LOURDES, France — Pope Benedict XVI is known to the world as a bookish theologian and an academic. When he arrived at the French sanctuary of Lourdes Saturday afternoon, people discovered he has a “Marian” side, too.
The pope first stopped at the parish church where St. Bernadette Soubirous was baptized, and then visited the small house — a former prison not much bigger than a cell — where the young girl and her family lived in the mid-19th century. There, he kissed her rosary and said a prayer.
Next the pope went to the grotto at the base of a rocky cliff, where Bernadette experienced 18 apparitions of Mary 150 years ago. Like millions of pilgrims each year, he paused to take a drink of water from the spring she discovered there, said to have miraculous powers.
I was among the group of reporters at the grotto, watching the proceedings through the umbrellas of bishops who stood near the pontiff in a steady rain.
Earlier in the day, we had flown down with the pope on his plane from Paris, where he spent about 30 hours in events with politicians, academics, pastoral workers and a massive crowd of faithful.
In Lourdes, the focus was clearly on Mary.
The night of his arrival at the sanctuary, the pope watched a torchlight evening procession in Rosary Square. Here, addressing thousands of pilgrims, he paid tribute to simple devotion.
At Lourdes, he said, Mary stirred hope and love “by giving pride of place to the sick, the poor and the little ones.”
“In this shrine at Lourdes … we are invited to discover the simplicity of our vocation: it is enough to love,” he said.
The traditional nighttime procession stems from St. Bernadette’s habit of lighting a candle when Mary would appear to her. Today, the pope said, the light from pilgrims’ torches represents a powerful symbol against the darkness of sin.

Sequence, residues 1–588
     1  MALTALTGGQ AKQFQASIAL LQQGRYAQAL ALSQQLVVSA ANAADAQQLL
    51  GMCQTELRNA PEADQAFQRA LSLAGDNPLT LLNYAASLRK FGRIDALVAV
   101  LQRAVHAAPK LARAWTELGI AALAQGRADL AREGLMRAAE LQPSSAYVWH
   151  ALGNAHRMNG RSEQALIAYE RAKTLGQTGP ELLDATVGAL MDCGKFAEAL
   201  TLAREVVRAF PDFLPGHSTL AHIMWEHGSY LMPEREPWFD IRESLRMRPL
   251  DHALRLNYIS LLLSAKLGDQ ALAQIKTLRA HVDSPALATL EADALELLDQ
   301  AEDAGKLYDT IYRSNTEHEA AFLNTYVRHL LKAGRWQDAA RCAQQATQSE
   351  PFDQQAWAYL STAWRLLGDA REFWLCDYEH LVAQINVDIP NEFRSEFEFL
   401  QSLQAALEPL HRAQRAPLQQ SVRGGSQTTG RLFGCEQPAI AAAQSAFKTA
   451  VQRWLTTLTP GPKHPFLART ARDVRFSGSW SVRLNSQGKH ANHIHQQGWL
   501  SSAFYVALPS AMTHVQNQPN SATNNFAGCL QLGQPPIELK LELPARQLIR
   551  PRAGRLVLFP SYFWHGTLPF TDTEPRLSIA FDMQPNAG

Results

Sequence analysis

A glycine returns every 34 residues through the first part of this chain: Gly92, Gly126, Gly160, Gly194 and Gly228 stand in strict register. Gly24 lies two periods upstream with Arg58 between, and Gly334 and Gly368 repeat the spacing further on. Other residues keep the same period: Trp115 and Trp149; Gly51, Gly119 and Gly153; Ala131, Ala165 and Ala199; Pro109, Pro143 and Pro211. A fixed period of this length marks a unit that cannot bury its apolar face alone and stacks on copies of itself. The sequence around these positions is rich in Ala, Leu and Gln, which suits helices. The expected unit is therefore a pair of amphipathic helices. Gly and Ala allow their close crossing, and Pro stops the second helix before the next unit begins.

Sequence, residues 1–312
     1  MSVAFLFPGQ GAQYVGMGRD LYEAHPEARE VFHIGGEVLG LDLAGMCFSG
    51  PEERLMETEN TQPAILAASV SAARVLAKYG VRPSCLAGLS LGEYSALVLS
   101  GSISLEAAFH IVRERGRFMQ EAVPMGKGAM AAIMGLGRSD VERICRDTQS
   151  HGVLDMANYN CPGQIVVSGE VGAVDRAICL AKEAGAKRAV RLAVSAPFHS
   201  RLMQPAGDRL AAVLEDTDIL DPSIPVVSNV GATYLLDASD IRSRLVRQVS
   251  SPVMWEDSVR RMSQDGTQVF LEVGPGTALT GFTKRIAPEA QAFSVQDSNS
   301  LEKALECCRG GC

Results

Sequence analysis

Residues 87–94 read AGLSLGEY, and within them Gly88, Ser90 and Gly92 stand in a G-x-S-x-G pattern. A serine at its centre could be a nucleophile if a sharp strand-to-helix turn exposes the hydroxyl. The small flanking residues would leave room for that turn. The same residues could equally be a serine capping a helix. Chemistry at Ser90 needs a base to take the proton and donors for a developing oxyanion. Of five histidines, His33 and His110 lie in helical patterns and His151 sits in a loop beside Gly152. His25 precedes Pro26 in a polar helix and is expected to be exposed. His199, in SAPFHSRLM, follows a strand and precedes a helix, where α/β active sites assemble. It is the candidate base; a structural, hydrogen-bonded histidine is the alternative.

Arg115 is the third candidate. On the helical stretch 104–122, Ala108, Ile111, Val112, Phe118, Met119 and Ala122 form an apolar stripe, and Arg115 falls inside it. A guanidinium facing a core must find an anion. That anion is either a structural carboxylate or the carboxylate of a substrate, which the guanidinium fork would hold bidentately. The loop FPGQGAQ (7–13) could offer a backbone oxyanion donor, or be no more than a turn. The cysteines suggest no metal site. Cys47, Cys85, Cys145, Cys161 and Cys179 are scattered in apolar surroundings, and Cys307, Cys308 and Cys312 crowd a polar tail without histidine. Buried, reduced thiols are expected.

The procession expresses the mystery of prayer in a form that everyone can grasp, like a luminous path in the dark, he said. It should also remind Christians of those who suffer, he said.
“We think of innocent victims who suffer from violence, war, terrorism and famine; those who bear the consequences of injustices, scourges and disasters, hatred and oppression; of attacks on their human dignity and fundamental rights; on their freedom to act and think,” he said.
The pope remembered those experiencing family problems, illness, unemployment or loneliness, as well as difficulties related to immigration. Those who have suffered or died for Christ must not be forgotten, either, he said.
He described Lourdes pilgrimages as leading to a spiritual place “between heaven and earth.” Pilgrims may come secretly hoping to receive some miracle, he said, but more often leave with a different kind of spiritual experience and a changed outlook.
“A small flame called hope, compassion, tenderness now dwells within them. A quiet encounter with Bernadette and the Virgin Mary can change a person’s life,” he said.
On the plane carrying him to France, the pope told journalists that his April 16 birthday fell on the feast of St. Bernadette, and for that reason he felt very close to her.
He said that at Lourdes, people encounter Mary and find that “the mother’s love” is what provides true healing for all sickness and suffering.
“I think this is a very important sign for our era,” he said.